“Of all the forms of inequality, injustice in health care is the most shocking and inhumane.” Martin Luther King Jr.
By Elisa Stroh, Tiffany Hope Collier, and Julie Fairman
With the recent grand jury decision not to indict police officer Darren Wilson for the shooting death of Michael Brown, Ferguson is again in the news. The protests and aftermath of the death of Brown have stimulated heated debates on civil rights, police brutality, and segregation/racism within Ferguson and the nation as a whole. Continue reading
Pictured: Kaci Hickox, nurse at the center of Ebola quarantine controversy (Photo: AP)
As a continuation of the themes explored on the recent Echoes and Evidence post Ebola, Epidemics, and Nursing Care, Penn Nursing‘s Connie Ulrich and Julie Fairman have co-authored a post for Philly.com’s The Public’s Health blog entitled “Ebola quarantines: nurses’ perspective.” Check it out here and follow Dr. Fairman on twitter @fairmanjulie.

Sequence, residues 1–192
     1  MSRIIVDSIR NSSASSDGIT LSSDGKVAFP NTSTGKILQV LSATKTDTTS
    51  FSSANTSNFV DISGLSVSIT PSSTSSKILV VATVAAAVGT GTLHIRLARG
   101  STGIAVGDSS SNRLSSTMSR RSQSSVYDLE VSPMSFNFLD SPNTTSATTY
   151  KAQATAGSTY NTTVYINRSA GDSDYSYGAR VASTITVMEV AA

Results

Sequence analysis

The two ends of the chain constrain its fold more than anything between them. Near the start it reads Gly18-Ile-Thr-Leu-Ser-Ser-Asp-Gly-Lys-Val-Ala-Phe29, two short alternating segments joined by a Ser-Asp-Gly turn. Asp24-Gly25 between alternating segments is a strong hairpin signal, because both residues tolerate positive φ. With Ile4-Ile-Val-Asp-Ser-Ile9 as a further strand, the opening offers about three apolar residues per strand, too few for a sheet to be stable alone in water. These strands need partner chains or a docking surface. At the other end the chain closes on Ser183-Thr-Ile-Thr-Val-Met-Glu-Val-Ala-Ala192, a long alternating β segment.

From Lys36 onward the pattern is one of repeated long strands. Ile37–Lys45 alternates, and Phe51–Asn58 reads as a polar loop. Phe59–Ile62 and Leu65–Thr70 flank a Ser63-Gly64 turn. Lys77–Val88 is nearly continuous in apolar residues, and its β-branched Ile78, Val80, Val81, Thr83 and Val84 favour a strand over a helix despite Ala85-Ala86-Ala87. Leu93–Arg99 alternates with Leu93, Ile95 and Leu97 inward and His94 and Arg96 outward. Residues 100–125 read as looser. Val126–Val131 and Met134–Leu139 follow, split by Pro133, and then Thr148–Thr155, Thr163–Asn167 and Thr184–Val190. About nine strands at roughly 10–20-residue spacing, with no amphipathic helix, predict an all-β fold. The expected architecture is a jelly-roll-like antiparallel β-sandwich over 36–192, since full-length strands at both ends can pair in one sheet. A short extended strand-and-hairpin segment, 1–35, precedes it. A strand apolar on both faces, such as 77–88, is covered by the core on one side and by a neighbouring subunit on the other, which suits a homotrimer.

By Marian Moser Jones, PhD, MPH
The fall of 1914, much like the fall of 2014, witnessed an urgent call for American nurses and doctors to join humanitarian missions involving diseases across the globe. Unprecedented modern warfare, not an unprecedented epidemic, was the cause of the crisis a hundred years ago.